Winter perils still to come

Winter perils still to come

Posted by

Kevin Blackmore

December 2015

winter-driving

The warm start to winter will inevitably give way to colder conditions, and when it does fleet managers should remind their drivers of the dos and don’ts of winter driving. Here are our winter driving tips as a reminder of the added perils drivers face on the road at this time of year.

  1. Regularly inspect your vehicle, including tyres, brakes, lights, anti-freeze and windscreen washer fluid. Clean your screen inside and out, and check thoroughly for scratches, chips and abrasions.
  2. Pay special attention to your windscreen wipers which are normally only effective for around two years. New blades clean the screen far more efficiently.
  3. Check tyres for condition, tread depth and pressure. If the tread depth is getting low, consider replacing them now before the onset of winter. Some companies may have a winter tyre policy in place.
  4. Reduce your speed, stay further back from the vehicle in front, drive defensively and allow yourself and others around you more time to react. Your vehicle will take much longer to stop on a wet surface, particularly if covered with early morning frost or ice.
  5. Slow earlier for junctions, intersections, roundabouts and traffic lights, so you don’t have to brake or corner so hard. Adapt your driving speed to visibility.
  6. At sunset or sunrise beware of dazzle from low sun. If driving into the sun, be aware that drivers behind may be dazzled and may not see you if you stop. If the sun is low behind you, be aware that oncoming drivers may be dazzled.
  7. Use dimmed or dipped headlights as soon as you notice a reduction in visibility. If vehicles approaching in the opposite lane have their lights on, it probably means that you should too, as visibility ahead is poor.
  8. Only use fog-lights in extreme conditions, when the vehicles in front become difficult to see, for example, and always remember to switch them off when conditions improve.
  9. If your vehicle is not equipped with ABS, should the wheels lock, release the brake briefly so that you can steer. With ABS you can ‘stomp and steer’ – keep your foot on the brake and steer.
  10. Take regular breaks, even if you’re in a hurry. It will help you concentrate better, especially when doing long hauls in icy or foggy conditions.

This time of year also throws up road conditions that you may not encounter at other times, and they may require rather different driving techniques.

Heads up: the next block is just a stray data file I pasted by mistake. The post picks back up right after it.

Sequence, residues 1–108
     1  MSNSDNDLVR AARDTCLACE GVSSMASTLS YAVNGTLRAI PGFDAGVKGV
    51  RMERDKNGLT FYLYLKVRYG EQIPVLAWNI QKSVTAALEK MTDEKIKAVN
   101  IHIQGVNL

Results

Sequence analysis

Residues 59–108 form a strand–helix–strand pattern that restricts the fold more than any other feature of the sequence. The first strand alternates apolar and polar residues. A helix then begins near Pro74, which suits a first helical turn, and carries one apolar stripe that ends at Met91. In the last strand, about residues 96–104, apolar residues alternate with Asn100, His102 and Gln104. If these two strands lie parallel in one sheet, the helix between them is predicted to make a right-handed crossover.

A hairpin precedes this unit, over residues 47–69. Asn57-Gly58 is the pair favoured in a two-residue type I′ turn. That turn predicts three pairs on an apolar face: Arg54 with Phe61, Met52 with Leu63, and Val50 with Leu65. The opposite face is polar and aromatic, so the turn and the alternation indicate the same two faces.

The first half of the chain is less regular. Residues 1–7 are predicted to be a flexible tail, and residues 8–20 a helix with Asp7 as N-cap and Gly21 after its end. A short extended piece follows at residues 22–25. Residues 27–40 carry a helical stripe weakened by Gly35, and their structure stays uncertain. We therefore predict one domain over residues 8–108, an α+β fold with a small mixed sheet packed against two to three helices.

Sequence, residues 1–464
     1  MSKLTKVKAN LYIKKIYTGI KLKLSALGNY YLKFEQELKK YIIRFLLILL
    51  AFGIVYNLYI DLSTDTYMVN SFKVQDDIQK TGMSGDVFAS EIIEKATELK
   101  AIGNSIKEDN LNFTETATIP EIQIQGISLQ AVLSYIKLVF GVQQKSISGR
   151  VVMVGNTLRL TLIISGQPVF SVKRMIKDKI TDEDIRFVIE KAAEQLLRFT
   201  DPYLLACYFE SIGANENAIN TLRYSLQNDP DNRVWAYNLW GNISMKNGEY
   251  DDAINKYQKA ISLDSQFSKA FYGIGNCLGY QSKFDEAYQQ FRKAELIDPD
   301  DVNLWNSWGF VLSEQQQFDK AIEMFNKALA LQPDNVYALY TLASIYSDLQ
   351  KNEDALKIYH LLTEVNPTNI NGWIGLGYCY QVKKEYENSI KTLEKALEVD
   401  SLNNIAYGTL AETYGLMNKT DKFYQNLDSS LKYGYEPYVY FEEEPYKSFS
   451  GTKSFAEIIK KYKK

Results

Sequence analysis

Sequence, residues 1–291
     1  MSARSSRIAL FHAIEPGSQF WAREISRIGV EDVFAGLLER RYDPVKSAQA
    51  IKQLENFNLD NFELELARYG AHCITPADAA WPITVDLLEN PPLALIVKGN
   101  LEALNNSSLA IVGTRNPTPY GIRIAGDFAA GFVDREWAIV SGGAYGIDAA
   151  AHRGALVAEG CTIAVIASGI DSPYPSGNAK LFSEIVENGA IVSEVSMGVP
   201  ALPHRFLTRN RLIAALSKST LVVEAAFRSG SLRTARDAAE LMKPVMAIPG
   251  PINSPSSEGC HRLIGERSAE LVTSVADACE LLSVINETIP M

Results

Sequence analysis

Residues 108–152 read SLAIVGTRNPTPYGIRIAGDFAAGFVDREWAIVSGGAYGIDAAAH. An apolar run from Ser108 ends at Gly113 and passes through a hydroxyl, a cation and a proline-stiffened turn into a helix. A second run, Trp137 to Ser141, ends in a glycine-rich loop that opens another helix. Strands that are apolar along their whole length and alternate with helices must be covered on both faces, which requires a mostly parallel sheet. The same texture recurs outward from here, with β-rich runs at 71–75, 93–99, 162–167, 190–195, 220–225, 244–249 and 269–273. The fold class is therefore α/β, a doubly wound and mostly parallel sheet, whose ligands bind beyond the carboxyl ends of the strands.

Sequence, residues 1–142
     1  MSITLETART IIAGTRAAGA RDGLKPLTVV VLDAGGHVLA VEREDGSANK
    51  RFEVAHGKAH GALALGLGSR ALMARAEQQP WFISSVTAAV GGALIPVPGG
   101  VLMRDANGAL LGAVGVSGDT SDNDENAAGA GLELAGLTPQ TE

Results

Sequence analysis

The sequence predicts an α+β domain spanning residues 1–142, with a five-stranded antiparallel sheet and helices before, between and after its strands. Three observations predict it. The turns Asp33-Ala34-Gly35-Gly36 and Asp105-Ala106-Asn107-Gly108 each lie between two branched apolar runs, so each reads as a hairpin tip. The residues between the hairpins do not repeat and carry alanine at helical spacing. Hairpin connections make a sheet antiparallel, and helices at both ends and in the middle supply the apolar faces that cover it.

When roads are icy or slushy

  • It can take ten times longer to stop in icy conditions than on a dry road. Drive slowly, allowing extra room to slow down and stop.
  • Use the highest gear possible to avoid wheel spin.
  • Manoeuvre gently, avoiding harsh braking and acceleration.
  • To brake on ice or snow without locking your wheels, get into a low gear earlier than normal, allow your speed to fall and use the brake pedal gently.
  • If you start to skid, ease off the accelerator but do not brake suddenly.

 Watch out for fog

  • Watch out for fog – it drifts rapidly and is often patchy.
  • In foggy conditions, drive very slowly using dipped headlights.
  • Use fog-lights if visibility is seriously reduced, but remember to switch them off when visibility improves.
  • Don’t hang on to the tail-lights of the vehicle in front. This gives you a false sense of security and means you may be driving too close.
  • Don’t speed up suddenly, even if it seems to be clearing. You can suddenly find yourself back in thick fog.

Winter sun

  • Dazzle from winter sun can be dangerous. Keep a pair of sunglasses handy.

Rain

In wet weather, stopping distances will be at least double those required for stopping on dry roads. In wet weather:

  • You should keep well back from the vehicle in front. This will increase your ability to see and plan ahead.
  • If steering becomes unresponsive, it probably means the water is preventing the tyres from gripping the road. Ease off the accelerator and slow down gradually.
  • The rain and spray from vehicles may make it difficult to see and be seen.

Flooded roads

  • Don’t attempt to cross if the water appears too deep.
  • Drive slowly in first gear but keep the engine speed high by slipping the clutch – this will stop you from stalling.
  • Avoid the deepest water, usually near the kerb.
  • Remember – test your brakes when you are through the flood before you drive at normal speed.

If you get caught in a snow drift

  • Don’t leave the vehicle
  • Let help come to you
  • Keep as warm as possible.

 Above all, keep safe at this festive time of year!


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